Tuesday, 10 September 2013

Audition (1999) Review

Both images sourced from tumblr

Audition has been for years consistently described as highly disturbing for torture content. But from seeing it myself after being warded off, Audition has left me impressed with how well built the unnerving atmosphere is, as opposed to anything visually gruesome.

In fact, I was delighted to see there wasn't an excessive emphasis on gore. The reliance on tension was key. What was left to the imagination and subtleties are Audition's strengths, notably Asami's fruitcake ballet tutor. Of course, during the concussion/hallucination sequence, the deformed torture victim lapping up Asami's freshly regurgitated vomit will serve as eye candy for anyone wishing to be revolted, I am sure. There was also a fair use of piano wire in Audition. The gore simply wasn't anything notable by today's standards.

Audition is a slow burner, starring Ryo Ishibashi as the widowed protagonist Shigeharu, whom I had previously seen in the remake of The Grudge, as Detective Nakagawa. Predictably, from what I had already sampled of his more recent involvement in film, in Audition he served as a very much one dimensional character. In particular, the initial hospital scene seemed rigid and unnatural in terms of acting. Alongside the garish piano soundtrack (which, usually characterises many Asian horror films) this offset the intended atmosphere of sadness. Audition progresses into sinister territory as we follow Shigeharu's journey of unfolding Asami's background, following her mysterious disappearance.

However, Shigeharu met his much deserved end, following his deceiving machinations. Comparatively, much in the vein of House of 1000 Corpses, as a viewer one is more inclined to achieve gratification sympathising with the 'villain'. Which, I feel we are obviously more inclined to align with. Asami is painted for the majority of the film, a meek and emotionally damaged woman, who elaborates to have had her lifelong aspirations crushed. While, Shigeharu is seen to be passively manipulating women through his co worker's objectifying suggestions. We can only sympathise with his character to a little extent given the death of his wife, which he seemed generally unresponsive towards.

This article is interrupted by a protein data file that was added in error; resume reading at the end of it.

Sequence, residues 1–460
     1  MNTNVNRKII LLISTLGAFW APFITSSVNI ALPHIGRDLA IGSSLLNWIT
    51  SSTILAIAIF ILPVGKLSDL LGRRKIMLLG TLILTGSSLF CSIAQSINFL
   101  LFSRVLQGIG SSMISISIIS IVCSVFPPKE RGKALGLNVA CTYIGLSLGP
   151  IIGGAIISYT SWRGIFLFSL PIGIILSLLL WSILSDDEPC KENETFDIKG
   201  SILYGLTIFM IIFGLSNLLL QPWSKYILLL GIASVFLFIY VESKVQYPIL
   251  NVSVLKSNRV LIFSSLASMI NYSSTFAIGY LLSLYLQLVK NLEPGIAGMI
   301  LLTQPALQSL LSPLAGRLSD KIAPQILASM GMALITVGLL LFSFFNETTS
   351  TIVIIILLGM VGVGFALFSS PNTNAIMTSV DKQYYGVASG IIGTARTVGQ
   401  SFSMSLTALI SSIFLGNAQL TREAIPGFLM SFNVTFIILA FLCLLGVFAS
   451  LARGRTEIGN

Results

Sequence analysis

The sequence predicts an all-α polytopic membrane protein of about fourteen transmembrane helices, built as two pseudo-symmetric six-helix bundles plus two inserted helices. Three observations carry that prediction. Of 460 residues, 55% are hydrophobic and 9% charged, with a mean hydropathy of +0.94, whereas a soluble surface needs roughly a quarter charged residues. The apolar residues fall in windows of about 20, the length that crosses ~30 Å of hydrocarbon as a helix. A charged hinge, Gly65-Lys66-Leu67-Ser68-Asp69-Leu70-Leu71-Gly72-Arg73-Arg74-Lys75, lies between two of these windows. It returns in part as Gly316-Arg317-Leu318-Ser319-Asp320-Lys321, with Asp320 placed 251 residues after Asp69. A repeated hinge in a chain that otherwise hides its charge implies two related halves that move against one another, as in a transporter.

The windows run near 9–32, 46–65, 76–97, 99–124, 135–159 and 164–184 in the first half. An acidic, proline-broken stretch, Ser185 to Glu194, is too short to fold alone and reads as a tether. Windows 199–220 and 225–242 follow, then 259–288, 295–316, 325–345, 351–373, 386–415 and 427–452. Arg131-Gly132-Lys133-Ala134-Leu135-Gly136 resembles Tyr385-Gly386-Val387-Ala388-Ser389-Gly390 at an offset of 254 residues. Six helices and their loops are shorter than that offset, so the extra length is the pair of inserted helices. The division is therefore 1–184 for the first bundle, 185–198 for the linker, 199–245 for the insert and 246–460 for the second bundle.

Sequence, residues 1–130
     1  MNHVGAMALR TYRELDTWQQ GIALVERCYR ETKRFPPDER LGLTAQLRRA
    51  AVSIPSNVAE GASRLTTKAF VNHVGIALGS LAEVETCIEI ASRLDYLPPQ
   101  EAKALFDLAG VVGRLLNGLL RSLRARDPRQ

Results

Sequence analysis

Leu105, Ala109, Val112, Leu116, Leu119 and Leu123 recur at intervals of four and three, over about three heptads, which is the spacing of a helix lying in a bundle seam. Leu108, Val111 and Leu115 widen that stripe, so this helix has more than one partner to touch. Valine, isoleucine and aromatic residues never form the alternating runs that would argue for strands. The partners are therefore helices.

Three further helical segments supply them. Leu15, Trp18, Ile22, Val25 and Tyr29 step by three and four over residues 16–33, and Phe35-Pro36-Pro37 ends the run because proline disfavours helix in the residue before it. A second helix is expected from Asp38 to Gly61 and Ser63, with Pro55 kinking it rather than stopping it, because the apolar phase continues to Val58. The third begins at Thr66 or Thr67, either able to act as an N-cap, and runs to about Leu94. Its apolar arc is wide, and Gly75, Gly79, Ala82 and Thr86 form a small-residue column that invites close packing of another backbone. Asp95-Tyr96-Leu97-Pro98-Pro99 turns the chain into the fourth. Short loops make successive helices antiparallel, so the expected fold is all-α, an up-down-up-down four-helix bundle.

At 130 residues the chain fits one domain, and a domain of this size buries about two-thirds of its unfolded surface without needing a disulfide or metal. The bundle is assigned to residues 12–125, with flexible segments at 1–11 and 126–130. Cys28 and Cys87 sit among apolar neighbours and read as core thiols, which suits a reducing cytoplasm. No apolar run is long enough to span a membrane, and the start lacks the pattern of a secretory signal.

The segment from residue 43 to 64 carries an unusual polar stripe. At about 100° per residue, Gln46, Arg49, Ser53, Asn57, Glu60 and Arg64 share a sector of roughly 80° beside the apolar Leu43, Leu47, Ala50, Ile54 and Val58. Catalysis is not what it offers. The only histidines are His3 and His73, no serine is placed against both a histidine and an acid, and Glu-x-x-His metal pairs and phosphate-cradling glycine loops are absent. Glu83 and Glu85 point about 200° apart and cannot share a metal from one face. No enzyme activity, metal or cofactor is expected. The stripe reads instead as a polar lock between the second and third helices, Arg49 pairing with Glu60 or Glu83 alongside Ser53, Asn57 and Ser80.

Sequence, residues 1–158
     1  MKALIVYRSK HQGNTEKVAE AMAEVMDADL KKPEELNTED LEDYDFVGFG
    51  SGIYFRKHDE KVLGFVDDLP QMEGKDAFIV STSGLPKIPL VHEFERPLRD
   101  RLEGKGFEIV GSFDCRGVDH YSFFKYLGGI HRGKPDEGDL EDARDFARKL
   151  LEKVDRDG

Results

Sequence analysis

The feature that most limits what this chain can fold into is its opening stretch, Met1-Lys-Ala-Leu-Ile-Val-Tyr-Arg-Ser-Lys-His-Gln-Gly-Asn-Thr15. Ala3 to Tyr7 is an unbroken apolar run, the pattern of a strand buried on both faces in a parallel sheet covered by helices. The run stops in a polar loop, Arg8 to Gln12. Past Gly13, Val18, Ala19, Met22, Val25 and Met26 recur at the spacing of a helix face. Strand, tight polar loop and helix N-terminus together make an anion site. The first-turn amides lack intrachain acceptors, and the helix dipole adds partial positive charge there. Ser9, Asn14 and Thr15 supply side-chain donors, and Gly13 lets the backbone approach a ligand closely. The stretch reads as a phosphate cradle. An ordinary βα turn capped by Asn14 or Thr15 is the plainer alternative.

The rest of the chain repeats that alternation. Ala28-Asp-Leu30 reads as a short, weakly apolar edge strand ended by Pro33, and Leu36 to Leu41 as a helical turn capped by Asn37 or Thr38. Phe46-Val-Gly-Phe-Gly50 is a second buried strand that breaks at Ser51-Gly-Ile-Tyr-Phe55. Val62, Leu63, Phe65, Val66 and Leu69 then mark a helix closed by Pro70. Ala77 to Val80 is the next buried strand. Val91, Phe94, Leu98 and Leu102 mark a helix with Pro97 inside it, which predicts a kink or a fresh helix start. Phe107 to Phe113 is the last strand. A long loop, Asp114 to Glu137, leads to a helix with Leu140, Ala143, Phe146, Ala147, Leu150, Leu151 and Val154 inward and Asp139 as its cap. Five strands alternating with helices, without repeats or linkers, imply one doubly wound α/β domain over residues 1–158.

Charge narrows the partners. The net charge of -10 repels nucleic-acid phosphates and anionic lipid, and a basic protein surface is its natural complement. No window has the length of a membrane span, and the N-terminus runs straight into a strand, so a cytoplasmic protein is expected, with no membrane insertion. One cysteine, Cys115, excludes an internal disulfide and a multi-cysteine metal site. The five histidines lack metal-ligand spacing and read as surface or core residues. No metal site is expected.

Much like the structure of the highly overhyped and controversial Megan is Missing (which one could assume has taken influence from Audition in its similarities), the entirety of graphic/bizarre visuals are contained within the final 20-30 minutes of the film. Descending into a disorienting hallucination sequence, leaving the audience confused as to whether chronologically we have jumped back to an earlier stage of the film, and with the madness being all a delusion. 

Incidentally, in the final scenes is where my main complaints with Audition would be. Specifically where Shigeharu was supposed to be paralysed. I say supposed, given he was mobile enough to be violently jerking about and screaming. It not only seemed infuriatingly unconvincing, considering it would be physically impossible, but also highly illogical for the actor to be doing so. As if, mid way through such a crucial segment of the film, everyone on set had forgotten Asami's character had stated she had paralysed him? Symptomatic of a rushed ending perhaps?

That aside, I was impressed for all the right reasons with Audition. Although it wasn't as flawless as it could have been with some careful (rational) reconsideration, it also wasn't exaggeratedly repulsive as I'd been led to believe. Rather, transpired to be a cleverly constructed and somewhat fetishistic thriller. With ample piano wire.

Rating: 7/10
Reviewed by Abigail Lewis